Founded in 1974, the Women’s Center was established to:
Dismantle, from a feminist perspective, all forms of oppression, including but not limited to those based on ability, age, class, ethnicity, gender, race, and sexual orientation.
Advocate for an equitable environment free from violence and harassment based on gender, race, and sexual orientation.
Create an anti-racist, non-sexist, queer-affirmative space where all people can feel valued and safe.
Facilitate and strengthen connections among people across lines of difference through programming and educational campaigns.
Integrate an appreciation of Women's Gender and Multicultural Studies across the disciplines.
Tuesday, November 23, 2010
The Story of Stuff
We watched this video, The Story of Stuff, last night in my class. It's a really interesting video about how the stuff that we use every day is created, consumed, and the disposed of and how that cycle of consumption is going to affect the planet and the creatures that inhabit it in the future.
All I could think while watching this video was fuck. As I looked down at my brand new Forever 21 sweater, a sweater that was cute but that I honestly didn't need; as I looked down at the new nail-polish on my fingers (probably filled with caustic, toxic chemicals); as I looked down at the water bottle I had purchased a few hours before because I had forgotten, yet again, to pack my reusable bottle in the morning... all I could feel was guilt because I knew I was contributing to this system. Not only was I hurting myself, with all of the chemicals that go into everything from water bottles to nail polish; I was hurting the the planet with those same chemicals, and the resources that were burned up converting things found in the earth into the things found in my purse; I was hurting people that I will likely never meet, people who work for next to no money to make the clothes, and water bottles, and nail polish, and notebooks, and stuff that I consume on a daily basis.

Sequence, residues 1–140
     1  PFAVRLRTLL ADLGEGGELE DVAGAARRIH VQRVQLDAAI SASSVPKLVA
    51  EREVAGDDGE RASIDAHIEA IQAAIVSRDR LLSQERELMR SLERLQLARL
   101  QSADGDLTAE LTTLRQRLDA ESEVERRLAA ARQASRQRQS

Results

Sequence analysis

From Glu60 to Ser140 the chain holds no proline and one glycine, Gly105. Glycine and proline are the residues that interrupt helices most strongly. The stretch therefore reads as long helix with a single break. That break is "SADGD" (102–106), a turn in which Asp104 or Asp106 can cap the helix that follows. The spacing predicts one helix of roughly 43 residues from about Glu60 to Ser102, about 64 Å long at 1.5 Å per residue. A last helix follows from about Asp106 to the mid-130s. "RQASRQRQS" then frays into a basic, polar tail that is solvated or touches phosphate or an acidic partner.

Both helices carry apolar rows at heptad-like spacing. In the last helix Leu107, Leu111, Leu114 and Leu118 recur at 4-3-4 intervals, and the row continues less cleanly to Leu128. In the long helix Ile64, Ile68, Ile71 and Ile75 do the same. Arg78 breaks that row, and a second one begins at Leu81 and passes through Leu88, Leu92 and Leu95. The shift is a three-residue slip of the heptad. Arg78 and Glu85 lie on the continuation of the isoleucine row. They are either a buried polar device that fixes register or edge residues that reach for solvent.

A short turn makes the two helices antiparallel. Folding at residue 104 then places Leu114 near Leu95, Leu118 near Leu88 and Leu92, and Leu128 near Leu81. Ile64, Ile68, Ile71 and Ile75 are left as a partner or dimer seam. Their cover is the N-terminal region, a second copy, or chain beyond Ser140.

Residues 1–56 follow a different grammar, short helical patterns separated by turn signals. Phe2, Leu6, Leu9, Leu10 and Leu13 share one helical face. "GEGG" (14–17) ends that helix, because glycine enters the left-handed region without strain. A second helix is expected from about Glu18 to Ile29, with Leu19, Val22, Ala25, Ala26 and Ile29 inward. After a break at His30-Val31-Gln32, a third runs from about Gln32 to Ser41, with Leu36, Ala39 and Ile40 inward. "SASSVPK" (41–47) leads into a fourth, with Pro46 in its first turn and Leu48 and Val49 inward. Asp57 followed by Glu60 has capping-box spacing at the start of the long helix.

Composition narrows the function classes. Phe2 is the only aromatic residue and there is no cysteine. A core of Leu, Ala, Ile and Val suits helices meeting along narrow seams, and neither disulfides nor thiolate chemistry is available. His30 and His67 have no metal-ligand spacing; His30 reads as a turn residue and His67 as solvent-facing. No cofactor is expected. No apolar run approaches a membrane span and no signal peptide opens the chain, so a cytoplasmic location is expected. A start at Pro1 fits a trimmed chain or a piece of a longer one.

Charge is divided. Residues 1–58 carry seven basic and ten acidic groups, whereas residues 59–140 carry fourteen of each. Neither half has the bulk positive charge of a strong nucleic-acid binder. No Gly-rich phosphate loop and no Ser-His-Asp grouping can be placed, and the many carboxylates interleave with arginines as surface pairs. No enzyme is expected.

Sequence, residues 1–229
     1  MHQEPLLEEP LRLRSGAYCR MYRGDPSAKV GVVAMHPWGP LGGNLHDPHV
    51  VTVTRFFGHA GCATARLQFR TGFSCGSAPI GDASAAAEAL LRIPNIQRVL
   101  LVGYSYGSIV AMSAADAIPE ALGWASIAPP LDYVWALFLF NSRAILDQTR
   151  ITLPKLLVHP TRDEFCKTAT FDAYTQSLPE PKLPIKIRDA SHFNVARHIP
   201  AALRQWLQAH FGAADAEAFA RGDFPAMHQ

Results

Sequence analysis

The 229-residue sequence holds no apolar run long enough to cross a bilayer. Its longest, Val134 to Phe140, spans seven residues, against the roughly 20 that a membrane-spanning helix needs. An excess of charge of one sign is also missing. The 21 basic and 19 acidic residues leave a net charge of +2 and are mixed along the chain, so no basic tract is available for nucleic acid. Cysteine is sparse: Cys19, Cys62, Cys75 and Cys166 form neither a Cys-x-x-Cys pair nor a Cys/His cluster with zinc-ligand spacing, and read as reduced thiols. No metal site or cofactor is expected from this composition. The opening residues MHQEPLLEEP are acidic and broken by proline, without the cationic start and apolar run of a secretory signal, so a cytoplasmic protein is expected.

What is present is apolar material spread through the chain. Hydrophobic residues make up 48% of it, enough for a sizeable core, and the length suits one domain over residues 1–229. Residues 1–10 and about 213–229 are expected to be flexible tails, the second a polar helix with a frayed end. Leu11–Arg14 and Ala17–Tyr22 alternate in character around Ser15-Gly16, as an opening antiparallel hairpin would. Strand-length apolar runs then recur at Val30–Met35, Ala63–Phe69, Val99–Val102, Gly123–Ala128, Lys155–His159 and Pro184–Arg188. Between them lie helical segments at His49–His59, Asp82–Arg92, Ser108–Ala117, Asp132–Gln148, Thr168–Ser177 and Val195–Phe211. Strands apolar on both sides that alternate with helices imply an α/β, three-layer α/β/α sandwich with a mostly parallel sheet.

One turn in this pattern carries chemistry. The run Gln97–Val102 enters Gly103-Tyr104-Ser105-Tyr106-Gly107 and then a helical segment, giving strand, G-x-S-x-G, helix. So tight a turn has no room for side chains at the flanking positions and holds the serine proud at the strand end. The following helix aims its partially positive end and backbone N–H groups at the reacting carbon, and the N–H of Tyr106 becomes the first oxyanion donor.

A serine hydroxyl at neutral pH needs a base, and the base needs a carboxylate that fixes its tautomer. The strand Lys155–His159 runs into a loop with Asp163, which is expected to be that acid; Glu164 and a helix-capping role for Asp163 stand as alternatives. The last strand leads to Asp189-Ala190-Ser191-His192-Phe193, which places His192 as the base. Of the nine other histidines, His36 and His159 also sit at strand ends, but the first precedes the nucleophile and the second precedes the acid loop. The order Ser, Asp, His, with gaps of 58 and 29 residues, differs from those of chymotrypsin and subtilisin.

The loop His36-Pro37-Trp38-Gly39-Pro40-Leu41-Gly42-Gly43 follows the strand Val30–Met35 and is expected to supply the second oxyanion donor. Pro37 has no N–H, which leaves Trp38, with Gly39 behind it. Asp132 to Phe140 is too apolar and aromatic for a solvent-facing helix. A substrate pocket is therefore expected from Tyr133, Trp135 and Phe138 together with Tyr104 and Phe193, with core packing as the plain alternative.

This is not the first time I have felt this guilt. Every so often I see or read something, like this article about Fiji Water, that makes me realize just how messed up our system of consumption is in this country. This guilt always leads to me making small changes in my life - like buying a reusable water bottle, or using a diva cup instead of creating more waste via pads and tampons, or recycling when I can... but these small changes still leave me feeling powerless to affect any real change.
This video is great because Annie Leonard makes the point that individual consumer decisions, while important, cannot change the system alone. Fighting to make companies remove the chemicals from their products, or treat their workers well... these are the changes that will really fix the system, because the companies are the ones with the real choices. Her website has a whole bunch of suggestions for how individuals can get informed and get involved and help to convince lawmakers and companies to make the changes that will fix the system, as well as ways to make individual decisions that better protect you and your loved ones from the dangers that exist now.